Illustration Friday – “Music”

November 26, 2009

I made this a couple of years back and thought it would be great for this week’s entry on Illustration Friday – Music.

The image is made up using printed textures that I created by hand with a roller and various papers. I then scanned these and used them to create “cut out” shapes in Photoshop.

For a while I really liked working in this style and you can see more of this approach in the Monkey Temple section of Good Infection Ltd, where I do work under the pseudonym of P. Joliffe. Check em out here if you are interested!

Mad Prof FINAL!

November 25, 2009

Yippee! I am leaving it here. I have added a few touches with some basic Photoshop techniques. The soft shadow to give the cut out effect is created using good old Gaussian Blur on a solid copy of the whole figure dropped behind the main character.

I also couldn’t resist adding some soft shadow to his wonderful hair. The thing is with me, I could go on and on making changes, but what I tend to do is pretend I am on a deadline. This is a good exercise for illustrators as it keeps your brain active and able to make decisions about the direction of a piece as you work on it and within the time limit.

Including all the commentary on this process, this work has taken me about 8 hours.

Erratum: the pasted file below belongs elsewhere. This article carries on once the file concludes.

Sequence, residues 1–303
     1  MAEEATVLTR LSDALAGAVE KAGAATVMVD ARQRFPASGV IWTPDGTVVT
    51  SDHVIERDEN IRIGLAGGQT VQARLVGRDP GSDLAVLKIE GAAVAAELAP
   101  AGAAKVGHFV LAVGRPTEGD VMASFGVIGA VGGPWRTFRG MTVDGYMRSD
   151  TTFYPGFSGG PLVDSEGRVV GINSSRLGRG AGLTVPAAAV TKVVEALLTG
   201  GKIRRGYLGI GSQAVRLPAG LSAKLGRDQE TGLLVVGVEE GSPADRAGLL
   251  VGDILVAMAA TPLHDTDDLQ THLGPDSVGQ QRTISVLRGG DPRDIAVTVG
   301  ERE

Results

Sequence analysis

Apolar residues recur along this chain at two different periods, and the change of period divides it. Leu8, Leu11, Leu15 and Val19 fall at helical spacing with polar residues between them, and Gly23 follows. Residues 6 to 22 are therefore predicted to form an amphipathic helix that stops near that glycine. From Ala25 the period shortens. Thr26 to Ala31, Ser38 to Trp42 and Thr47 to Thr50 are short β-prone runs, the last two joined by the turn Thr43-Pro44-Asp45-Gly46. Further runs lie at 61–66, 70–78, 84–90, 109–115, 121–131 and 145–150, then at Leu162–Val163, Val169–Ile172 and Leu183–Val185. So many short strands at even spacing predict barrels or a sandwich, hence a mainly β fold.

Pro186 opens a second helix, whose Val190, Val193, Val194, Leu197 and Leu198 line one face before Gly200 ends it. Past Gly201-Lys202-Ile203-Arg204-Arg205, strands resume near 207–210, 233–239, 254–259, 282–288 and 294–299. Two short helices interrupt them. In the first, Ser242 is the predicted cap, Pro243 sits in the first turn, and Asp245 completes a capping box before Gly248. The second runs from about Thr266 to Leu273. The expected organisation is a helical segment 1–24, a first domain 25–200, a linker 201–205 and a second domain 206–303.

I hope you like the finished result. I would love to hear your comments and if you are a budding illustrator with any questions on my process and own experience, please drop me a question in the comment section and I will be happy to reply.

Mad prof stage 7

November 25, 2009

First colour try outs on the face and coat….

Mad prof stage#3

November 24, 2009

I have made some changes to the tonal values and am at the moment thinking white coat with some very light blue shadowing, but that could change.

The nice thing about working in grey tones to begin with is that you get a good sense of the contrast values that you need between colours in the palette you eventually go with.

The black outline just gives the figure such a nice punch out of the composition that I know at this point I am going to keep it. The feel I want is mainly flat colour and a quick render is what I am after in this one. When I leave the outline off its usually because I want to deepen textures and give the shapes themselves a more “3d” look with soft shadows and textures created in Photoshop and sometimes Corel Painter. I find that if you try to do both a strong outline and work more into the substance of the shapes, the two conflict and the image looks ugly and overdone.